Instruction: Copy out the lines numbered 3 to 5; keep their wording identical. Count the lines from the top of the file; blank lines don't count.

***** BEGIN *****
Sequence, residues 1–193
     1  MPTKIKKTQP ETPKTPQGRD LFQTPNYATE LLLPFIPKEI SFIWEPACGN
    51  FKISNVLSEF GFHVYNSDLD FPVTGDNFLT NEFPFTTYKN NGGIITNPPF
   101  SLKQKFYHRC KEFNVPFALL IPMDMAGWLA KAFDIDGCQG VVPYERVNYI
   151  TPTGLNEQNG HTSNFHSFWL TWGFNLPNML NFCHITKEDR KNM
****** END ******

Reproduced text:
    51  FKISNVLSEF GFHVYNSDLD FPVTGDNFLT NEFPFTTYKN NGGIITNPPF
   101  SLKQKFYHRC KEFNVPFALL IPMDMAGWLA KAFDIDGCQG VVPYERVNYI
   151  TPTGLNEQNG HTSNFHSFWL TWGFNLPNML NFCHITKEDR KNM